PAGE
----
Many common built-in types (such as str, bytes, dict, list, tuple) have dedicated opcodes to improve resource consumption when serializing and deserializing them; however, sets and frozensets don't. Adding such opcodes would be an obvious improvement. Also, dedicated set support could help remove the current impossibility of pickling self-referential sets [2] .

Calling __new__ with keyword arguments

Currently, classes whose __new__ mandates the use of keyword-only arguments can not be pickled (or, rather, unpickled) [3] . Both a new special method ( __getnewargs_ex__ ) and a new opcode (NEWOBJ_EX) are needed. The __getnewargs_ex__ method, if it exists, must return a two-tuple (args, kwargs) where the first item is the tuple of positional arguments and the second item is the dict of keyword arguments for the class's __new__ method.

Better string encoding

Short str objects currently have their length coded as a 4-bytes integer, which is wasteful. A specific opcode with a 1-byte length would make many pickles smaller.

Smaller memoization

The PUT opcodes all require an explicit index to select in which entry of the memo dictionary the top-of-stack is memoized. However, in practice those numbers are allocated in sequential order. A new opcode, MEMOIZE, will instead store the top-of-stack in at the index equal to the current size of the memo dictionary. This allows for shorter pickles, since PUT opcodes are emitted for all non-atomic datatypes.

Summary of new opcodes

These reflect the state of the proposed implementation (thanks mostly to Alexandre Vassalotti's work):

  • FRAME : introduce a new frame (followed by the 8-byte frame size and the frame contents).
  • SHORT_BINUNICODE : push a utf8-encoded str object with a one-byte size prefix (therefore less than 256 bytes long).
  • BINUNICODE8 : push a utf8-encoded str object with a eight-byte size prefix (for strings longer than 2**32 bytes, which therefore cannot be serialized using BINUNICODE ).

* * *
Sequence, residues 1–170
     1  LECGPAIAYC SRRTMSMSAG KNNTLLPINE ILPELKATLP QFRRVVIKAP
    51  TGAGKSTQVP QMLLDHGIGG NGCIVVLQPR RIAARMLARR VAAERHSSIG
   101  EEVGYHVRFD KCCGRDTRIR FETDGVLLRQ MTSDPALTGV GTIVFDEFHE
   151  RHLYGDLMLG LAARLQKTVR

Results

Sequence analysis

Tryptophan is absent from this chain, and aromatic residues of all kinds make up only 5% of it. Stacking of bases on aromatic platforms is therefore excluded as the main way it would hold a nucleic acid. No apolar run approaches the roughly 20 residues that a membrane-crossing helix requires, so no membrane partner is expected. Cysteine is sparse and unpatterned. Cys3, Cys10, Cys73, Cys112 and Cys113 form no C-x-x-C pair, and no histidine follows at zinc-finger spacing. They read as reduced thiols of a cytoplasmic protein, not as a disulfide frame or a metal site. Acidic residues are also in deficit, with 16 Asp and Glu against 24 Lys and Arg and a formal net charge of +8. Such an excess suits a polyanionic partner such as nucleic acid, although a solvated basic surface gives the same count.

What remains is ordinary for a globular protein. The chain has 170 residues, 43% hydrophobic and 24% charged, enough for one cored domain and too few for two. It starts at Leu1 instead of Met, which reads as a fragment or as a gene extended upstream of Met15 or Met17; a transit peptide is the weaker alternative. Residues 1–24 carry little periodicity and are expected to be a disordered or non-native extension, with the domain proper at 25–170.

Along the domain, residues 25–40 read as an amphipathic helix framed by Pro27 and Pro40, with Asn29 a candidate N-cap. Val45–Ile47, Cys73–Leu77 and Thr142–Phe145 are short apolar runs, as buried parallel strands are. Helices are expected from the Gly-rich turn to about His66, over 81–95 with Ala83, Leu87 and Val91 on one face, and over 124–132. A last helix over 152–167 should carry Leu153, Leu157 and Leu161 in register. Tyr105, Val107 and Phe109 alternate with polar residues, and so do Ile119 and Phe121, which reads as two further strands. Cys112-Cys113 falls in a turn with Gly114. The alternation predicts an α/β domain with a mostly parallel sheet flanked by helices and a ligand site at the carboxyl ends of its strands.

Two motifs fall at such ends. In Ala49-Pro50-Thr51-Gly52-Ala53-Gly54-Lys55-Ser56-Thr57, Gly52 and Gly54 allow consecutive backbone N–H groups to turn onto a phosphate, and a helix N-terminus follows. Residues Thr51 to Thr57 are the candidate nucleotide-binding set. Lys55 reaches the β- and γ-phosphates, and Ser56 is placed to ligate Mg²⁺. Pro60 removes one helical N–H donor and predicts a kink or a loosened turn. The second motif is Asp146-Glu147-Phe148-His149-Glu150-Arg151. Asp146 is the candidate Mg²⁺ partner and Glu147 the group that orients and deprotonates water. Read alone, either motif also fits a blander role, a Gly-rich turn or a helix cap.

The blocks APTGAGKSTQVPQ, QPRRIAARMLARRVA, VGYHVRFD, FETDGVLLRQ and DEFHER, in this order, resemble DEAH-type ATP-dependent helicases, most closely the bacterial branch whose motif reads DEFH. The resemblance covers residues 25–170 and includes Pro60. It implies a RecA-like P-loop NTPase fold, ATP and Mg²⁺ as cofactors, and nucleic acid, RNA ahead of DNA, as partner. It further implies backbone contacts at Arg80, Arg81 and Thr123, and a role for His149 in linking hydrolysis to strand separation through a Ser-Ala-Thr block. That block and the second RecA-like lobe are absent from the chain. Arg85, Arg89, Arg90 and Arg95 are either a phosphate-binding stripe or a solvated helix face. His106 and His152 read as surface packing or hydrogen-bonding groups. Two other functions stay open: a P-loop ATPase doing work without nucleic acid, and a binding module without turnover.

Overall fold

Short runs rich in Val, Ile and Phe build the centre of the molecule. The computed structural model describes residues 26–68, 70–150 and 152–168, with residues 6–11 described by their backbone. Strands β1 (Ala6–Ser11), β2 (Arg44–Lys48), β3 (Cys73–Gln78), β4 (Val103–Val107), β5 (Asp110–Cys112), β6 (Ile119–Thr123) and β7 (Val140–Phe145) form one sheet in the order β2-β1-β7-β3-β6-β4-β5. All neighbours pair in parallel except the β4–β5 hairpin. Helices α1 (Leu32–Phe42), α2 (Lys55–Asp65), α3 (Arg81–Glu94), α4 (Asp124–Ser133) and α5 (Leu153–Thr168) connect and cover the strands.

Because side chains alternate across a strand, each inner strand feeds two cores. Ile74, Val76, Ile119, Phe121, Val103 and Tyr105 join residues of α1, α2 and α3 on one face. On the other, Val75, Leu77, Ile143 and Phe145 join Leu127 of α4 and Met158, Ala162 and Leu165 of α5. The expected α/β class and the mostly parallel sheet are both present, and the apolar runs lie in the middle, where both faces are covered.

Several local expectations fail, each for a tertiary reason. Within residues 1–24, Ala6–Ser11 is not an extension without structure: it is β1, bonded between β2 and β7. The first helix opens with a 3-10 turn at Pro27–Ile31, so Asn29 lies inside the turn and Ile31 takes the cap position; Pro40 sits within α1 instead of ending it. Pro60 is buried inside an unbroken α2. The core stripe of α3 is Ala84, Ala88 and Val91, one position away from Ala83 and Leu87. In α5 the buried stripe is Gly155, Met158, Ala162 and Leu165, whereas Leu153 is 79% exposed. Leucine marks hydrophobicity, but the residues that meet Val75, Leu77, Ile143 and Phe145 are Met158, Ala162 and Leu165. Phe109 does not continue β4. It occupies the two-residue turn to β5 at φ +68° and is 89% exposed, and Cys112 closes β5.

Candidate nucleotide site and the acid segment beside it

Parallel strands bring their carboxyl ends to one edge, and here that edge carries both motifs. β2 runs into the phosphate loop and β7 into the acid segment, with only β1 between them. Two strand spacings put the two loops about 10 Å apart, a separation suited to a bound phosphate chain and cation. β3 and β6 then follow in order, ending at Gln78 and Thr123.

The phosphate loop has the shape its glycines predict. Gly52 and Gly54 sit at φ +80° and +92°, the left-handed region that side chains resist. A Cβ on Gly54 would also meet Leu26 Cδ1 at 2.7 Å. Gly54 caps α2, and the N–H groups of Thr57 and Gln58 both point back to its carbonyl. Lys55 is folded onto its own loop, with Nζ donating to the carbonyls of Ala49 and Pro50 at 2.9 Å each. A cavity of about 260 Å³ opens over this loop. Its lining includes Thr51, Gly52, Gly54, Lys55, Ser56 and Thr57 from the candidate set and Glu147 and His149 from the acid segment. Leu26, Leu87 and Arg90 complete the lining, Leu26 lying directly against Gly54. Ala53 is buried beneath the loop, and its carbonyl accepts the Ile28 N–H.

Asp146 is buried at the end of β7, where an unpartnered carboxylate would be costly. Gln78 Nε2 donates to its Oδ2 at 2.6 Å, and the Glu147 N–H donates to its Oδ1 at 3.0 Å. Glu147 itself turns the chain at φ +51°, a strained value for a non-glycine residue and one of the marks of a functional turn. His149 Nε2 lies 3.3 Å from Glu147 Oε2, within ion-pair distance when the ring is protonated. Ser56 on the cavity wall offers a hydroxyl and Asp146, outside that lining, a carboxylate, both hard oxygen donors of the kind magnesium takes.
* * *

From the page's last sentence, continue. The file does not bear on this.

• BINBYTES8 : push a bytes object with a eight-byte size prefix (for bytes objects longer than 2**32 bytes, which therefore cannot be serialized using BINBYTES ).
  • EMPTY_SET : push a new empty set object on the stack.
  • ADDITEMS : add the topmost stack items to the set (to be used with EMPTY_SET ).
  • FROZENSET : create a frozenset object from the topmost stack items, and push it on the stack.
  • NEWOBJ_EX : take the three topmost stack items cls , args and kwargs , and push the result of calling cls.__new__(*args, **kwargs) .
  • STACK_GLOBAL : take the two topmost stack items module_name and qualname , and push the result of looking up the dotted qualname in the module named module_name .
  • MEMOIZE : store the top-of-stack object in the memo dictionary with an index equal to the current size of the memo dictionary.

Alternative ideas


Serhiy Storchaka suggested to replace framing with a special PREFETCH opcode (with a 2- or 4-bytes argument) to declare known pickle chunks explicitly. Large data may be pickled outside such chunks. A naïve unpickler should be able to skip the PREFETCH opcode and still decode pickles properly, but good error handling would require checking that the PREFETCH length falls on an opcode boundary.


In alphabetic order:

  • Alexandre Vassalotti, for starting the second PEP 3154 implementation [6]
  • Serhiy Storchaka, for discussing the framing proposal [6]
  • Stefan Mihaila, for starting the first PEP 3154 implementation as a Google Summer of Code project mentored by Alexandre Vassalotti [7] .


[1] "pickle not 64-bit ready": http://bugs.python.org/issue11564
[2] "Cannot pickle self-referencing sets": http://bugs.python.org/issue9269
[3] "pickle/copyreg doesn't support keyword only arguments in __new__": http://bugs.python.org/issue4727
[4] "pickle should support methods": http://bugs.python.org/issue9276
[5] Lib/multiprocessing/forking.py: http://hg.python.org/cpython/file/baea9f5f973c/Lib/multiprocessing/forking.py#l54
[6] ( 1 , 2 ) Implement PEP 3154 , by Alexandre Vassalotti http://bugs.python.org/issue17810
[7] Implement PEP 3154 , by Stefan Mihaila http://bugs.python.org/issue15642
Source: https://hg.python.org/peps/file/tip/pep-3154.txt

Notice: While Javascript is not essential for this website, your interaction with the content will be limited. Please turn Javascript on for the full experience.